Interns and exploitation continued

Internships exploitation in PR is obviously not only a widespread problem but one which provokes some strong feelings.

The blog was a bit taken aback when students at RMIT started to unload on the system and was rather more taken aback when horror stories started to roll in. As readers will have noticed the blog does not provide a comments section partly because of lack of time to moderate it and partly because, while writing for the online newsletter crikey , the blog became aware of the combination of vitriol and insanity among many of those who felt compelled to post reactions. But working in an industry full of resourceful people comments came from many who used old-fashioned email to give their views.

Vicki Bamford, UTS lecturer, confirmed that like RMIT they too worked hard to screen internships and protect students. She says: “We have the same problem at UTS and are trying to keep a keen eye on student experiences by checking internships before they start and midway through via conversations with the student’s to raise ethical issues.  We are better placed to manage internships that come into the university and are circulated on our noticeboards because we raise the Fair Work Act when discussing timeframes, paid or unpaid and mentoring with organisations which approach us. This helps but it doesn’t fix the problem.  Many students pick up internships via online websites such as pedestrian and concrete playground and these internships do not always follow the Fair Work Act protocols.” Both organisations’ websites are worth a visit just to see what is on offer.

Sally Davis, a vastly experienced practitioner who has worked in the public and private sectors as well as being a consultant and an RMIT lecturer confirmed that she was aware of large consultancies employing unpaid interns for long periods – including consultancies which pride themselves on their PRIA membership.

And another PR practitioner said that she had worked in PR for many years and but accepted a job for an upmarket magazine which seems to be very profitable. The magazine apparently uses many ‘interns’ (writers and photographers from PR and journalism backgrounds). There are no written agreements for them and they can work unpaid for as long as they like – usually part-time over a period of a few months. The ‘interns’ are generally students and the employer argues that they are being helped “to get a foot in the door”.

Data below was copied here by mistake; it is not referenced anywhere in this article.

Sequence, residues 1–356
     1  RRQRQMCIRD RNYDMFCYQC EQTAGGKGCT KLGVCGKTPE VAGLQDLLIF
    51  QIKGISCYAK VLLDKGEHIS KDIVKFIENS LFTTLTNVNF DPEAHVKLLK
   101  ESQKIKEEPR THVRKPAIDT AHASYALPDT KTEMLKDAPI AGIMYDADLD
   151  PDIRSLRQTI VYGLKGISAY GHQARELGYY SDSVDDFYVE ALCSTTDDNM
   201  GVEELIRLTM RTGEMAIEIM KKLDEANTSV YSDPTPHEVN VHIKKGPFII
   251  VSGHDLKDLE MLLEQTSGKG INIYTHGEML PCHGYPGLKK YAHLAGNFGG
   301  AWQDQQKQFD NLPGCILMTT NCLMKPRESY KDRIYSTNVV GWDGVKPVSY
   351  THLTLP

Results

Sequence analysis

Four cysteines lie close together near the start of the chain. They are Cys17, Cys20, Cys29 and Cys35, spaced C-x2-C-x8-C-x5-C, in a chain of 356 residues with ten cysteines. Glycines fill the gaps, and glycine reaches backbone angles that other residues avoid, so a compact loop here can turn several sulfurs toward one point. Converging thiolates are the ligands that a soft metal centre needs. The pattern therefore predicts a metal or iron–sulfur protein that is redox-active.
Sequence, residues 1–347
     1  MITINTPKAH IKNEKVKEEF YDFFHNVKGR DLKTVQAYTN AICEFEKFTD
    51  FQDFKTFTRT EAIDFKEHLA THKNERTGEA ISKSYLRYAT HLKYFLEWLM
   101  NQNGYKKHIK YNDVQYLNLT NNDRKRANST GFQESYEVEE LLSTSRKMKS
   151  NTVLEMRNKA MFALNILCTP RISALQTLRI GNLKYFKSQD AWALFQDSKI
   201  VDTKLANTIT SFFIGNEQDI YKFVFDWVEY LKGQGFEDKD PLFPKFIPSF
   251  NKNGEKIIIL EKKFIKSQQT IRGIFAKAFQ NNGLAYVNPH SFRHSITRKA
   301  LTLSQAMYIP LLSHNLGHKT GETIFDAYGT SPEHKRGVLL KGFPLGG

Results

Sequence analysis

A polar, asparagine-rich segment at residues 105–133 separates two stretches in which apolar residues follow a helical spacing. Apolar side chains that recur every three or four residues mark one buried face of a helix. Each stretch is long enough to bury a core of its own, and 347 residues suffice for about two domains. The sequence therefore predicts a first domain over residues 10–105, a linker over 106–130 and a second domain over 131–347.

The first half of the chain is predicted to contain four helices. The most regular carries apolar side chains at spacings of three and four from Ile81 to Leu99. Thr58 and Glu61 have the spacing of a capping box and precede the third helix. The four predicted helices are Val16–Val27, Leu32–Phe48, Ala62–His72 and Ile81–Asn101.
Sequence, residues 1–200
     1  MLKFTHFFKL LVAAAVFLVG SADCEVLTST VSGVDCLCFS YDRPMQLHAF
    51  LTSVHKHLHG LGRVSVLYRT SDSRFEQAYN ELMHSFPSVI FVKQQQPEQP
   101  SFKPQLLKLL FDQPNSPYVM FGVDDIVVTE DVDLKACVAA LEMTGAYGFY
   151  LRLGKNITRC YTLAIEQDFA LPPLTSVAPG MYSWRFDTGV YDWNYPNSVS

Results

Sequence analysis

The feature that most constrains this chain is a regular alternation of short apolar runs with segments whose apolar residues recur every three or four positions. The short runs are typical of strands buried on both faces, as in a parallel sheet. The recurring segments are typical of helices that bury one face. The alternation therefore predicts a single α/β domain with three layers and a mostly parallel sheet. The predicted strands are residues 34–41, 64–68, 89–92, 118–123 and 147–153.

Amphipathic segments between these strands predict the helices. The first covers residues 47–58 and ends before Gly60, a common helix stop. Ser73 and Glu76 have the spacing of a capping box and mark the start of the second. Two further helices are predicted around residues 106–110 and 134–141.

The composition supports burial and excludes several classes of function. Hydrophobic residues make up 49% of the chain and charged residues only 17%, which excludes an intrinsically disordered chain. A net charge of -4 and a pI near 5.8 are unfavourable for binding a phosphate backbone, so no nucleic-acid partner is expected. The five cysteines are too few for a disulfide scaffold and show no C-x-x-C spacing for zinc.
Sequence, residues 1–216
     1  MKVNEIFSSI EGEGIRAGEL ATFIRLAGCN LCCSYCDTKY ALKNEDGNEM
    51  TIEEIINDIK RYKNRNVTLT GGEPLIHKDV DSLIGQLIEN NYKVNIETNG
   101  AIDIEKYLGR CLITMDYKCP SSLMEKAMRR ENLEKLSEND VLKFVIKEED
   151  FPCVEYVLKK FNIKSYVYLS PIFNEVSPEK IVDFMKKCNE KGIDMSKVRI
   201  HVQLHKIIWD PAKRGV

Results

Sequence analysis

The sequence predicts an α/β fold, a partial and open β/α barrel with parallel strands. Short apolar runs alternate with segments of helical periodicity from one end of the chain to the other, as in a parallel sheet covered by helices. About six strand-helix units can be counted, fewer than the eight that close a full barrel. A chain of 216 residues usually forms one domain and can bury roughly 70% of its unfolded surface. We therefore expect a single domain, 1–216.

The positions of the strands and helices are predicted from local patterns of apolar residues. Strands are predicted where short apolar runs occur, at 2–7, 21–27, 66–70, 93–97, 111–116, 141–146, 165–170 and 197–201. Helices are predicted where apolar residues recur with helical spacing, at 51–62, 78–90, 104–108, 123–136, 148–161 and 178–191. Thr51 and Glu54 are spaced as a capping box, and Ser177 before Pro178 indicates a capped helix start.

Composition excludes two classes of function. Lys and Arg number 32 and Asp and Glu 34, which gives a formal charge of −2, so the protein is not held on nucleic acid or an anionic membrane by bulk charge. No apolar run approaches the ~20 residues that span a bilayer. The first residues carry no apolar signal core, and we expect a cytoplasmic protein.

So far so good, or not rather, but the practitioner told the blog that when the summer university holidays began her hours were cut back completely and that she could start back again after the long university vacation. As the practitioner told the blog – the reason was that the employer had enough interns to cover the work so why did they need to pay someone. “So effectively, the interns who accepted unpaid work experience put me out of a job. I tried to explain this to some of them who just thought my comments were sour grapes… poor things, they really believed that this unpaid work might lead to something permanent. It won’t. There will always be another young intern busting to get some unpaid work experience and make a name for themselves. Interns be warned,” the practitioner said.

Of course the blog, while having strong views on the employer, also wonders about the naivety of some of the students. It’s a tough world but if you are that naïve it will just get tougher. They should have listened to the bitter experience of the person they replaced.

Meanwhile RMIT is pursuing the issue and new PRIA President, Mike Watson, has told the blog the PRIA has been looking at the issue and will provide some more guidance.

And by the way, on another note altogether, Curtin University is undertaking another survey of the state of the industry in Australia. There were no questions about interns but perhaps in the next one there might be, even if that causes some problems in what is a longitudinal study. Dr Katharina Wolf and Nigel de Bussy are currently running stage three of their State of PR in Australia study, with the aim to capture the development of the industry over time.

Dr Wolf says: “For the findings to be meaningful, we are keen to hear back from PR professionals (in all their shapes and sizes) from around the country.” If you would like to participate go to the survey link